Helping Strangers

October 23, 2015 • United States
Helping Strangers

Volunteers from across the country assist residents of South Carolina after massive flooding

Richard Greene is a staff writer with Samaritan’s Purse. Recently, he traveled to South Carolina to cover our flood relief.

Reading over notes while walking through a hotel lobby was not a smart move on my part. Suffering from jet lag, I had just arrived in Fortaleza, Brazil, to help cover Franklin Graham’s Festival. I wasn’t paying close attention to what I was doing as I stepped onto what I thought was a stone walkway up into another section of the lobby. Instead, I landed in a shallow “moat,” making a huge splash and getting both feet royally soaked.

Later that evening, I dried my sneakers with a hair dryer. My mind wandered to my visit to Columbia, South Carolina, the week before. Columbia was especially hard hit by epic rains. I thought about the story I heard of an elderly homeowner who opened her first-floor window and dove into raging floodwaters, thinking she could still swim at the age of 84 and save herself. Instead she grabbed a railing and hung on for dear life as she cried out to a neighbor. That neighbor rescued her by boat. Just up the street, a firefighter pulled an 87-year-old woman to safety.

15106US USDR South Carolina Flooding

Other homeowners throughout Columbia had similar high-drama stories of wading through neck-high waters or being pushed through chest-deep torrents in a wheelchair. My pitiful dousing was a mere inconvenience. Theirs was life threatening.

My one-week trip to Columbia was my first onsite reporting assignment with Samaritan’s Purse U.S. Disaster Relief. Before joining Samaritan’s Purse, I had served 15 years with the Billy Graham Evangelistic Association. As I spent time with the Billy Graham Rapid Response Team chaplains, who provide emotional and spiritual care, I got to witness the work of Samaritan’s Purse from a distance. During natural disasters, the blue-shirted chaplains minister side-by-side with the orange-clad Samaritan’s Purse volunteers. Together, they show and share the compassion of Jesus Christ.

In South Carolina’s capital city, I had the privilege of watching the Samaritan’s Purse team up close. Led by the Spirit, they came from across the country to serve in Jesus’ Name. They invested their time and talents to help homeowners go through and pack up what personal belongings they could still salvage. They helped take out to the curb what couldn’t be saved. These servants then tackled the arduous task of ripping out waterlogged walls and flooring, helping prepare the homes for future rebuilds.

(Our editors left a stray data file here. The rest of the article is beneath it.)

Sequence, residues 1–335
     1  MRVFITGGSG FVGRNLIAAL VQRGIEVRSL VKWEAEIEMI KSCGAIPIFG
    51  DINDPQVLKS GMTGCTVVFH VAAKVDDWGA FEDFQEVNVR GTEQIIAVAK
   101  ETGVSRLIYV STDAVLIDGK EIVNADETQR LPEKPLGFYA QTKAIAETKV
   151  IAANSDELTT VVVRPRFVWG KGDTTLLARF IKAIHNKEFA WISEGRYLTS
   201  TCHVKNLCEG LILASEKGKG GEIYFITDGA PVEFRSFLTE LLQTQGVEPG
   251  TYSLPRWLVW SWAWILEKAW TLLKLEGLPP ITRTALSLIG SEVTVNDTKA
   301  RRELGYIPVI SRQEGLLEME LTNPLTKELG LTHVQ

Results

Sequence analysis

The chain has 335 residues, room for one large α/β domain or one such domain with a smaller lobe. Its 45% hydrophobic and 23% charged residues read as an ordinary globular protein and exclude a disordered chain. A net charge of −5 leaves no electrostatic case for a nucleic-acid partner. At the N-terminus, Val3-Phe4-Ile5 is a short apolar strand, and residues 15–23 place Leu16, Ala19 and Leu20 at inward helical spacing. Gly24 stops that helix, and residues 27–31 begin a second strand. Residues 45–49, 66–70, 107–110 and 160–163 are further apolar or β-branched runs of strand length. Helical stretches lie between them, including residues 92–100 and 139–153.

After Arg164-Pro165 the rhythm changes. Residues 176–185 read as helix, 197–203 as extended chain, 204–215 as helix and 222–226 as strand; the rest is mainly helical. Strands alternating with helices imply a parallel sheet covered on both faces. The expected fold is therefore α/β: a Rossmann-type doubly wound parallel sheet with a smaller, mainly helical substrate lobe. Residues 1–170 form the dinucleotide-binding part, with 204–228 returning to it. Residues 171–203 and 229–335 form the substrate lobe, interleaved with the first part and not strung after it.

There were church groups, high school and college students, young adults, and retirees. They were mothers, daughters, fathers, sons, husbands, and wives working in unity. When the moment was right, they put down their tools and came alongside the homeowner to pray, to speak a word of encouragement, or to lend a shoulder to cry on.

“I’m overwhelmed by the number of volunteers who gave up not a weekend to come but who came in the middle of the week,” said Katie, the daughter of a homeowner. “They have jobs and families. But they’re down here helping complete strangers.”

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John Corn drove 100 miles with his daughter to help fellow South Carolinians in need.

“I thank the Lord I have the opportunity and the health to come these days,” he said.

Originally from Connecticut, Kathleen Watson moved to Columbia to attend Columbia International University.

“I thought I was going to do missions overseas, but God changed my path,” she said. “I get to do missions right here in Columbia.”

In her senior year at high school in Greensboro, Becca Gold said she couldn’t think of a better way to spend her fall break.

15106US USDR South Carolina Flooding

“I could be sitting on the couch watching Netflix, but after this storm, I decided that I should come down and do something constructive with my life,” she said.

And God blessed all of their efforts. Not only was the physical work accomplished, but also, even more importantly, the Lord saw to it that spiritual ministry took place—in Columbia, in northern Charleston, and in Andrews, where Samaritan’s Purse will soon set up a third base of operation.

Bruce and Bob, volunteer assessors for Samaritan’s Purse, were in an area outside of Andrews when they saw a lady sitting on a bucket staring at the water still covering her driveway. They stopped to talk, and the Lord opened the door for them to share the Gospel.

The woman was ready to hear and to respond. Bob led her through the plan of salvation through Jesus Christ, and she accepted Him as her Savior. Then Bob and Bruce wrote a work order for her and two of her neighbors. Only God could do that—and He deserves all the praise.